'The Purpose of a Business is to Create a Customer' - Peter Drucker Centenary Oliver Marks, Nov 16, 2009
The Drucker Centennial - The Drucker Institute, Claremont Graduate University
The Drucker Centennial: What would Peter Do? How his wisdom can help you navigate turbulent times - Harvard Business Review, Nov 2009
Books and articles by Peter Drucker
Management: Tasks, Responsibilities, Practices - Peter Drucker (Paperback edition 1993)
The Essential Drucker: The Best of Sixty Years of Peter Drucker's Essential Writings on Management (Collins Business Essentials) (Paperback 2008)
The Theory of Business - Peter Drucker, HBR Sep-Oct 1994 ($)
Schumpeter And Keynes - Peter Drucker, Forbes May 1983 (cover story) A superb essay comparing the two greatest economists of the 20th century, written in the centenary of Keynes birth.
CIA and the NHS: Common features of “high risk, high reliability” organisations - David Rendall, A Web that Works, Nov 3, 2009
Mind, heart and hands: Lifelong learning and teaching in the digital age - Jon Udell on what he memorably calls the principal of Observable Work April 2009
I have to confess that I've enjoyed watching recent rounds of Enterprise 2.
I hereby declare myself an Enterprise 2.
I further declare: No, it is not "all about the people" - which is what an Enterprise 2.
I believe that although both technology and broad bottom-up participation are necessary to achieve the Drukerian vision, neither element alone is sufficient to achieve the noble end of re-engineering how ordinary people work together to achieve the ends of enterprises they choose to affiliate with.
As Peter Drucker said: "The purpose of an organization is to enable ordinary human beings to do extraordinary things.
I nominate Peter Drucker and Douglas Engelbart as Patron Saints of Enterprise 2.
Peter Drucker constantly advised businesses to give employees direct control over their own work and environment, with teams of "knowledge workers" responsible for work toward goals stated as broad business objectives rather than prescriptive plans.
"Marketing alone does not make a business enterprise.
In a static economy there are no business enterprises. There are not even businesspeople. The middleman of a static society is a broker who receives his compensation in the form of a fee, or a spectator who creates no value.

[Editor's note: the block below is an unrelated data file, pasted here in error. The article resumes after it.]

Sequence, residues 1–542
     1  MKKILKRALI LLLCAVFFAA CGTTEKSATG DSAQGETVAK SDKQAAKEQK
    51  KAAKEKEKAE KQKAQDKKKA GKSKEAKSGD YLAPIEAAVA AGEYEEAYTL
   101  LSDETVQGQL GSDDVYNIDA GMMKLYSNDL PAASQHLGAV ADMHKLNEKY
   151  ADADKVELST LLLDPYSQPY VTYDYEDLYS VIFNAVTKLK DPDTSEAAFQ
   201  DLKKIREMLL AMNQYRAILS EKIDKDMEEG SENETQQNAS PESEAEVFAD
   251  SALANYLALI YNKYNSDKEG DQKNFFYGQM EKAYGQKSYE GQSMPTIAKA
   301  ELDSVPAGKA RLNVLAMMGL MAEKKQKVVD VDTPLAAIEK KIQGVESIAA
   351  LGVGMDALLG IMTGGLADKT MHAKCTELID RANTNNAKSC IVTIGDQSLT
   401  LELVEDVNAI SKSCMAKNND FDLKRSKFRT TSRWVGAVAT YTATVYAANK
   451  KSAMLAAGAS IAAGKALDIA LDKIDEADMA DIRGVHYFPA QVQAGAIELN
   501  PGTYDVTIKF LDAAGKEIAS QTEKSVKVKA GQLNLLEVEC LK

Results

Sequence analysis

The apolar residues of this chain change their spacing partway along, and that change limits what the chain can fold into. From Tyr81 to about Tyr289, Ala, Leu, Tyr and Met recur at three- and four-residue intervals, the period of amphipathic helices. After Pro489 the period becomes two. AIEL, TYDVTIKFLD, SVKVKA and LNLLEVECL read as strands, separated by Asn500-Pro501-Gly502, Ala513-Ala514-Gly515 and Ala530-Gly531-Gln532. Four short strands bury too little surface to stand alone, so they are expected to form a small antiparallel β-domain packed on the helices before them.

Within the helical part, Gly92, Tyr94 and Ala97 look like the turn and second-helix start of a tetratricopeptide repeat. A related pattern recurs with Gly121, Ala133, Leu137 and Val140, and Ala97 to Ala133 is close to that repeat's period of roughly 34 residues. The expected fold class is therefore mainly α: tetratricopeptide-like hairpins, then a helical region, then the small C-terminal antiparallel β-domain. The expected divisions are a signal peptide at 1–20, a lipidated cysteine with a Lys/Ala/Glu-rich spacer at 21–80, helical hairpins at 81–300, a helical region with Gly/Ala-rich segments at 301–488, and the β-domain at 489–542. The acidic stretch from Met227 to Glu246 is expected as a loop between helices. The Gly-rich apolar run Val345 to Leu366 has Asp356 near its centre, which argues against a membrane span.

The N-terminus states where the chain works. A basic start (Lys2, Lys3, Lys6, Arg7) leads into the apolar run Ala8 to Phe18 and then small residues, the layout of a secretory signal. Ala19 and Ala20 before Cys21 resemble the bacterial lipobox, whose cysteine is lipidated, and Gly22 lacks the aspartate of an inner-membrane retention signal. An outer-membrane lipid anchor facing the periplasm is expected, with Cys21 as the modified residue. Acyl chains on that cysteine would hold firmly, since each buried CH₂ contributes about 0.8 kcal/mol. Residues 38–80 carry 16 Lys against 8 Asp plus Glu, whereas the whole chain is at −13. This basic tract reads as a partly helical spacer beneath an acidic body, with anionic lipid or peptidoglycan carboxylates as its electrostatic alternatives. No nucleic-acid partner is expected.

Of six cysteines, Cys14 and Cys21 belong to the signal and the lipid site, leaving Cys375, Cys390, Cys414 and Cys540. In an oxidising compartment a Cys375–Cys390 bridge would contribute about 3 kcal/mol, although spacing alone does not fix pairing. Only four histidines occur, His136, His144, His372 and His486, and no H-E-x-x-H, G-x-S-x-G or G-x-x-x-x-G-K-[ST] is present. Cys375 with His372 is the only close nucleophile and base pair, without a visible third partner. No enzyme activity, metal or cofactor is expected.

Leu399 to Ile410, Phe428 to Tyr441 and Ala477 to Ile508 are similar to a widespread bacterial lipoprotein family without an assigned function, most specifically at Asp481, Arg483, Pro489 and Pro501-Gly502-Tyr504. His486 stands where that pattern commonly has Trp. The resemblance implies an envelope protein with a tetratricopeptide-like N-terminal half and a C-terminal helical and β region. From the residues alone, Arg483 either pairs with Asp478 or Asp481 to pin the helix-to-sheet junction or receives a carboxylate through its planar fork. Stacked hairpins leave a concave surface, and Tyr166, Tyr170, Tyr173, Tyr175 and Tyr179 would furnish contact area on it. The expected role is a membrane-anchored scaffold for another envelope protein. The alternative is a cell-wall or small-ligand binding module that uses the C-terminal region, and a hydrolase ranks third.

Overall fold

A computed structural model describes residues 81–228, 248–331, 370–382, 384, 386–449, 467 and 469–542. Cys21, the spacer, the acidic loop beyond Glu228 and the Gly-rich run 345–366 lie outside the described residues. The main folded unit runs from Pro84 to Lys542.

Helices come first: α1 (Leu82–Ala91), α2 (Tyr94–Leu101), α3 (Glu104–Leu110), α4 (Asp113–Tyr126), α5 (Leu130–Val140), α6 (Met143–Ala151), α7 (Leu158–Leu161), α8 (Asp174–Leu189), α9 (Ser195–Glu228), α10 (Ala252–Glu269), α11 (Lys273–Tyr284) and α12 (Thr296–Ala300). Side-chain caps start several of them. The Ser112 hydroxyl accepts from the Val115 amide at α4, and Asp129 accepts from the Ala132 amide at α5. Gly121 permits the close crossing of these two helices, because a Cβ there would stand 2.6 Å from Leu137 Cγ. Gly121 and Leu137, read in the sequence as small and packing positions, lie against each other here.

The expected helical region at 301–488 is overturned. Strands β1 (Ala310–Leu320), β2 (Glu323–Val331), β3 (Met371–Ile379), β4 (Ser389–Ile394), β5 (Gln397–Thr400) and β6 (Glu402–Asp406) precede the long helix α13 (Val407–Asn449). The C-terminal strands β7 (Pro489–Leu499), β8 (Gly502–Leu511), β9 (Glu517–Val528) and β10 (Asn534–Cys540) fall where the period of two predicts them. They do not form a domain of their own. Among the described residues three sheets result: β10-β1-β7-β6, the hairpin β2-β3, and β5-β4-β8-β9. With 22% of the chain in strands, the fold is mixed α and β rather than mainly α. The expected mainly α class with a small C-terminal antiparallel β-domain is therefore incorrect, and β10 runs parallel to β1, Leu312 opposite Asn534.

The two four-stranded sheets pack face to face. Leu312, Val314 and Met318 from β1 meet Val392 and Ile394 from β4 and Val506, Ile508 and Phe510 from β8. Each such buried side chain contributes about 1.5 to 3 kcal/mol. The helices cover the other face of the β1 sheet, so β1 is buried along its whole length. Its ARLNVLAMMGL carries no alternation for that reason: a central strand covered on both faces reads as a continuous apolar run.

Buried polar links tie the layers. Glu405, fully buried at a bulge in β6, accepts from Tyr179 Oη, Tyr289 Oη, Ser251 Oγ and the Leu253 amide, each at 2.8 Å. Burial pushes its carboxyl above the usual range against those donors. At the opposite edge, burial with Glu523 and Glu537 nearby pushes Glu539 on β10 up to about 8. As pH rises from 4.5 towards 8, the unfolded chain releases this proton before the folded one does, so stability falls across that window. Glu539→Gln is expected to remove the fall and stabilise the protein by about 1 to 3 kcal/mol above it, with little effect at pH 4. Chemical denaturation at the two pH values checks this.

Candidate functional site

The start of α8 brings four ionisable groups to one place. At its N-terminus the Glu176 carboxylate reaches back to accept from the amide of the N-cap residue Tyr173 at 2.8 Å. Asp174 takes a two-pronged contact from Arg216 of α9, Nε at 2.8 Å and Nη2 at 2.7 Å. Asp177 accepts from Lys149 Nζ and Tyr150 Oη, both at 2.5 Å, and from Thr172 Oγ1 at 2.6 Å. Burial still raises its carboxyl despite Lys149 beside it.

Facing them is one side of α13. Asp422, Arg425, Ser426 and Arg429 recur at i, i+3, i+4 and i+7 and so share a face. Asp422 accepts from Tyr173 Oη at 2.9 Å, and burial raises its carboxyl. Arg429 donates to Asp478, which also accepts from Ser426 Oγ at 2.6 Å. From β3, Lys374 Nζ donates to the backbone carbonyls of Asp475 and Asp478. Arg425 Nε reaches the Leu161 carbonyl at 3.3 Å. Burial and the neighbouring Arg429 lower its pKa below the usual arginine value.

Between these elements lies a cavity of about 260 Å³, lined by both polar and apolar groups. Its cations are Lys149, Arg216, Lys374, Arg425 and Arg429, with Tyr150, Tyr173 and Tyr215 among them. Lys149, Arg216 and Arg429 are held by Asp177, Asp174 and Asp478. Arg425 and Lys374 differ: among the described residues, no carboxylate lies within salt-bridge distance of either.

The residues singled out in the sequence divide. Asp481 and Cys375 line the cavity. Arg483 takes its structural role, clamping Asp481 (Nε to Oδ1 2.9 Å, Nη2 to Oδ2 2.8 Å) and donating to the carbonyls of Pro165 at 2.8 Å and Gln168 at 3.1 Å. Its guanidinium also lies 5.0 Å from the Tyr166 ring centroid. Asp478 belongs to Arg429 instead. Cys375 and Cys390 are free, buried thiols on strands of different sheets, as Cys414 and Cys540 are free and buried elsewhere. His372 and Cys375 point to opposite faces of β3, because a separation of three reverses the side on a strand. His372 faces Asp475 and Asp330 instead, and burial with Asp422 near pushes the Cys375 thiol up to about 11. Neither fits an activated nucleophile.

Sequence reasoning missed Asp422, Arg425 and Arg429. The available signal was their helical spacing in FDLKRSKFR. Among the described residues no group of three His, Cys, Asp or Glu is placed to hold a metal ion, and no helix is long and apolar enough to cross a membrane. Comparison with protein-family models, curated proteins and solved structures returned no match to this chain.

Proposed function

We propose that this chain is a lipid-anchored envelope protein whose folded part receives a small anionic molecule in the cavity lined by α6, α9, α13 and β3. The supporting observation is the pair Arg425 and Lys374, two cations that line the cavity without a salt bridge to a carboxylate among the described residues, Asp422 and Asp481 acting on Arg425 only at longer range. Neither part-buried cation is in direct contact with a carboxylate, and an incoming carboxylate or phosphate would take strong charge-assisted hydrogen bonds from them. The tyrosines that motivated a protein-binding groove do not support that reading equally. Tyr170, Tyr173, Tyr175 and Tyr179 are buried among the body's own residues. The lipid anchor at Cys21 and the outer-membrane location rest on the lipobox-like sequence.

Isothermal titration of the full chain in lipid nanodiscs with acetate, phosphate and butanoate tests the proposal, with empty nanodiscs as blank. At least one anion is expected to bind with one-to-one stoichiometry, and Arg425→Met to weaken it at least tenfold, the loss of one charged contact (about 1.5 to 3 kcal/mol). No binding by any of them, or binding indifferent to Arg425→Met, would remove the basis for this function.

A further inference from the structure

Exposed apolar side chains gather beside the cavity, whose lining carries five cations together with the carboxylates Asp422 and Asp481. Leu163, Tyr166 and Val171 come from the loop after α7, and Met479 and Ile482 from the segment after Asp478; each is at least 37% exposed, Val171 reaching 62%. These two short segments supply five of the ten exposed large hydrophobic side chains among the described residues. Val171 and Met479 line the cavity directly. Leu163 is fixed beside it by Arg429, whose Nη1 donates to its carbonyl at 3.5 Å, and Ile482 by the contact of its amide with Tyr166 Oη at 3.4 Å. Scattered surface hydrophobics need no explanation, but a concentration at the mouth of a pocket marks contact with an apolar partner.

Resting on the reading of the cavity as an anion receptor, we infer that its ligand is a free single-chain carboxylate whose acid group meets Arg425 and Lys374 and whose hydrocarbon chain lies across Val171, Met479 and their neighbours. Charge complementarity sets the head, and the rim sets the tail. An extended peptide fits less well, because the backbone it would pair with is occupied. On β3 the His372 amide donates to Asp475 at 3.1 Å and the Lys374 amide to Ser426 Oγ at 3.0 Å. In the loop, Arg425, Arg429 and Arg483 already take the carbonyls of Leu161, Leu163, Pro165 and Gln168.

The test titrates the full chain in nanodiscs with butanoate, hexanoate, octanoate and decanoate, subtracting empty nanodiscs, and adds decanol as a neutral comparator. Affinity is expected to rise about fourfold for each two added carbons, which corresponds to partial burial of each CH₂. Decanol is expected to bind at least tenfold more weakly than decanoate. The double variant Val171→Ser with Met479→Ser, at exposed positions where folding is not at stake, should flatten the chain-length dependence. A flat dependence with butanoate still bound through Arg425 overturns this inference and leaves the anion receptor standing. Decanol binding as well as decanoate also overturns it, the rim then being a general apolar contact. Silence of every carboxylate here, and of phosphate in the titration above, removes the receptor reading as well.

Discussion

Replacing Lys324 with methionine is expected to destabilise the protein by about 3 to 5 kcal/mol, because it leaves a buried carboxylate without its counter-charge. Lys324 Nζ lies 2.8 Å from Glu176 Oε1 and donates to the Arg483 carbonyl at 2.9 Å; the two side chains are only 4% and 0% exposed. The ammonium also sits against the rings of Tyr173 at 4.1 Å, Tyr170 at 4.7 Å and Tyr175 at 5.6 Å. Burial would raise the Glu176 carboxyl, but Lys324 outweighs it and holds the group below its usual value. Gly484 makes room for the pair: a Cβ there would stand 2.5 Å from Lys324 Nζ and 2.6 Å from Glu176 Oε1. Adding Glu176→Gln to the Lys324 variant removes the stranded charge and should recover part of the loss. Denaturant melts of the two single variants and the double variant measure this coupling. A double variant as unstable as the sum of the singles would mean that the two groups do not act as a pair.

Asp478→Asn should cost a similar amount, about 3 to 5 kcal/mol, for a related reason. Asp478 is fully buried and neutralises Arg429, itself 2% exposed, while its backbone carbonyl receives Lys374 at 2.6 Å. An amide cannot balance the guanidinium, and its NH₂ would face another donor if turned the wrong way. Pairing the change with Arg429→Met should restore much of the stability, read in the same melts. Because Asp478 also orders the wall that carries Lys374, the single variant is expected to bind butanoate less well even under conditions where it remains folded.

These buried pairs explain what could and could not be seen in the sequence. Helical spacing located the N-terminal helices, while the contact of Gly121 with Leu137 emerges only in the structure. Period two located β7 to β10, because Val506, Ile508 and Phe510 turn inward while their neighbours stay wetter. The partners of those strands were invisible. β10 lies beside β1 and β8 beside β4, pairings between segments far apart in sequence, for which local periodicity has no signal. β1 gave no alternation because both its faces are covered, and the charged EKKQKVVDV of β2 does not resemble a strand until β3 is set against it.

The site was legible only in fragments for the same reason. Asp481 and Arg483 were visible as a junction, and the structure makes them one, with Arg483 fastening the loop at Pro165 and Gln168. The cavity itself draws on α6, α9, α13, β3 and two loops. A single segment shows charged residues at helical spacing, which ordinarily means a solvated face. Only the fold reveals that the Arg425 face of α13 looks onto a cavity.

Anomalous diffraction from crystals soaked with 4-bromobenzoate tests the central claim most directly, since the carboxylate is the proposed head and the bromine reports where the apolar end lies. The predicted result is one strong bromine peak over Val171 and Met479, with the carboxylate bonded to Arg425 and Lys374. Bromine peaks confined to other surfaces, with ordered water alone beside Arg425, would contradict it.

A business enterprise can exist only in an expanding economy, or at least in one that considers change both natural and acceptable.
And business is the specific organ of growth, expansion and change.
The second function of a business is, therefore innovation - the provision of different economic satisfactions.
It is not enough for the business to provide just any economic good and services; it must provide better and more economic ones. It is not necessary for a business to grow bigger; but it is necessary that it constantly grow better. . .
Above all innovation is not invention.
It is a term of economics rather than technology. Non technological innovations - social or economic innovations - are at least as important as technological ones.
In the organization of a business enterprise, innovation can no more be considered a separate function than marketing.
It is not confined to engineering or research, but extends across all parts of the business, all functions, all activities. " Peter Drucker, Management: Tasks, Responsibilities, Practices (1974)
At a 1934 Cambridge seminar by John Maynard Keynes, "I suddenly realized that Keynes and all the brilliant economic students in the room were interested in the behavior of commodities, while I was interested in the behavior of people.
" Peter Drucker, The Ecological Vision, p. 75-76, (1993)
"A manager's task is to make the strengths of people effective and their weakness irrelevant--and that applies fully as much to the manager's boss as it applies to the manager's subordinates.
" Peter Drucker, Managing for the Future: The 1990's and Beyond (1992)
In an equally distinguished career, Douglas Engelbart has been enormously influential in creating and inspiring the creation of technology we use today (far beyond his invention of the mouse), but Doug's goals have always been expressed in terms of improving the abilities of groups to address complex, difficult and important problems:
"By 'augmenting human intellect' we mean increasing the capability of a man to approach a complex problem situation, to gain comprehension to suit his particular needs, and to derive solutions to problems.
Increased capability in this respect is taken to mean a mixture of the following: more-rapid comprehension, better comprehension, the possibility of gaining a useful degree of comprehension in a situation that previously was too complex, speedier solutions, better solutions, and the possibility of finding solutions to problems that before seemed insoluble. And by 'complex situations' we include the professional problems of diplomats, executives, social scientists, life scientists, physical scientists, attorneys, designers--whether the problem situation exists for twenty minutes or twenty years. We do not speak of isolated clever tricks that help in particular situations. We refer to a way of life in an integrated domain where hunches, cut-and-try, intangibles, and the human 'feel for a situation' usefully co-exist with powerful concepts, streamlined terminology and notation, sophisticated methods, and high-powered electronic aids. " Douglas Engelbart Augmenting Human Intellect: A Conceptual Framework, Introduction, (1962)